Home » Budget, revenue bills go to governor’s desk

Budget, revenue bills go to governor’s desk

Authorizes $20 billion for education, public safety, other services; cuts spending in state agencies by 5 percent

FRANKFORT, Ky. (April 1, 2014) — The Kentucky General Assembly on Monday approved a two-year spending plan that authorizes $20.3 billion in spending for education, public safety, Medicaid, and other state government services while cutting spending in many state agencies by 5 percent through fiscal year 2016.

House Bill 235, sponsored by House Appropriations and Revenue Committee Chairman Rick Rand, D-Bedford, was granted final passage by a vote of 89-11 in the House. It had passed the Senate by a vote of 37-1 earlier in the day. The bill now goes to the governor to be signed into law.

budgetSenate Appropriations and Revenue Committee Chairman Bob Leeper, I-Paducah, called the agreement a “budget that, I believe, sets us on a good stead for the future.”

“It makes me feel good about what you all will face in the next biennium,” Leeper said.

“We did what you paid us to do,” House Speaker Greg Stumbo, D-Prestonsburg, said of the state budget process. “It was democracy in its purest form, but it worked.”

The Executive Branch budget agreement adds around $189 million in guaranteed base per pupil funding (or SEEK funds) for schools, protects funding for Medicaid, PVAs and prosecutors, and adds $743 million in new General Fund debt and $721 million in new agency bond debt — mostly for postsecondary education. That is less than the nearly $2 billion in new General Fund and agency bond debt proposed by the House and more than the $533 million in new General Fund and agency bond debt proposed by the Senate earlier this month.

HB 235 will also require smaller cuts to postsecondary education than originally proposed. State university budgets will be cut by 1.5 percent rather than 2.5 percent as proposed by the governor, with bond authorizations for many university projects restored. Community and technical college budgets will also be reduced by 1.5 percent instead of 2.5 as earlier proposed, with those institutions’ capital projects paid for with student fees and private donations culled by the colleges.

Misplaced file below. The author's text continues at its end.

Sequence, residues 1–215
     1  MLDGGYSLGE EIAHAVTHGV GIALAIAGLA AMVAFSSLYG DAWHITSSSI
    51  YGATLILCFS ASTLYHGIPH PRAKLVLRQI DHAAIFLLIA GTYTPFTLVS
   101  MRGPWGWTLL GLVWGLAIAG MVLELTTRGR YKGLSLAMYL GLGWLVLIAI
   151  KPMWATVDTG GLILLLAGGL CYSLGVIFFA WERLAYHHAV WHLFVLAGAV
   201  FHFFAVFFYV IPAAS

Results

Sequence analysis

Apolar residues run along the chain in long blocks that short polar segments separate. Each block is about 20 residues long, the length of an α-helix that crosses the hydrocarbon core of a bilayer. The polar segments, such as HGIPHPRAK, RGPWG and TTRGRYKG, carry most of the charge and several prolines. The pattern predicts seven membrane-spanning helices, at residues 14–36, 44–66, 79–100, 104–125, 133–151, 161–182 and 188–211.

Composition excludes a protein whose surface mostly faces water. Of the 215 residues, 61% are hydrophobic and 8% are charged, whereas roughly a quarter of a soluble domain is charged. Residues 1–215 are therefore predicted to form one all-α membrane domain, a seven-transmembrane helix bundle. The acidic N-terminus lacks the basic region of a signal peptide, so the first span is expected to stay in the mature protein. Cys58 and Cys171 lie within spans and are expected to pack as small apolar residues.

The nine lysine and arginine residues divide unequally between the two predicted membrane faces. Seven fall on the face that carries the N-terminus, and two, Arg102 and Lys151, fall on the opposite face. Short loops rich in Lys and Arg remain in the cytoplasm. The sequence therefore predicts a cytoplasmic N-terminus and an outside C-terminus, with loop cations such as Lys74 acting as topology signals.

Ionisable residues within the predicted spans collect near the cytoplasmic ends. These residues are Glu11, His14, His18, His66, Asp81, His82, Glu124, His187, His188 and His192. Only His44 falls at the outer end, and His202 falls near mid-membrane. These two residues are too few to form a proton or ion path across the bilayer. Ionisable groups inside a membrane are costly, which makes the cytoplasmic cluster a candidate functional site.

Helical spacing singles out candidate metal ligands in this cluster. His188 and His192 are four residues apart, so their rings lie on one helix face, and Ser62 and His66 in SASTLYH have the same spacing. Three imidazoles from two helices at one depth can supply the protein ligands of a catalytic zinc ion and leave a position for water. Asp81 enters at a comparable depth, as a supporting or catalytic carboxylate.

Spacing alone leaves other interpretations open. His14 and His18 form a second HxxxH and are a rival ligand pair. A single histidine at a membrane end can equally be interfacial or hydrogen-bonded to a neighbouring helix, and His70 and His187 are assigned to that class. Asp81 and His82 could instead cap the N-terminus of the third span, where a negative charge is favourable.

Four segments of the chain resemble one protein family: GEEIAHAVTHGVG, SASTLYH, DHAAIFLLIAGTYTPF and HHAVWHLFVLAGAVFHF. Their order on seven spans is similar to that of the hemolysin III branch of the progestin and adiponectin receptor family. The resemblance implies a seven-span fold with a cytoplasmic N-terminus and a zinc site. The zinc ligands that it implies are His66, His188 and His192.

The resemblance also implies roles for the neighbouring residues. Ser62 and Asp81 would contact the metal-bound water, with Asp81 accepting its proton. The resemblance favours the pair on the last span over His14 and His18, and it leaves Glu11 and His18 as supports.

Also included in the bill are pay raises for state workers of at least 2 percent over the biennium — with the lowest-paid workers receiving higher raises in the first year — and 3 percent raises for teachers of 1 percent in fiscal year 2015 and 2 percent in fiscal year 2016. A total of $3.3 million in 2015 and $6.6 million in 2016 for K-12 education technology are also found in the budget rather than the $50 million bond issue that had been proposed in an earlier budget version.

HB 235 also includes: full funding of the actuarial required contribution (ARC) to Kentucky’s public pension system; funding for expanded preschool for four-year-olds statewide in 2016 totaling $18 million; additional funding to boost foster care rates; and restoration of child care subsidies for low-income families that had been cut from the state budget last year by adding $39 million for the subsidies the first year of the biennium and $58 million in the second year. Families with household incomes of up to 125 percent of the federal poverty level would receive the subsidies under HB 235 in 2015, with subsidies expanded to families making up to 160 percent of the poverty level in 2016.

The House also voted 99-1 for final passage of the amended state Judicial Branch budget, which had passed the Senate unanimously earlier in the day. An amended Legislative Branch budget also passed the Senate unanimously today and also received final passage in the House by a vote of 99-1.

The House voted 91-9 for agreed-upon changes to HB 445, the session “revenue bill” that will provide some new dollars to fund state needs over the biennium. Provisions in that bill include, but are not limited to, a phased-in barrel tax credit for distilled spirits, an angel investor tax credit, an expanded historic preservation tax credit, and “new markets” tax credit to help underserved areas of Kentucky. The revenue measure had passed the Senate by a vote of 35-3 earlier in the day.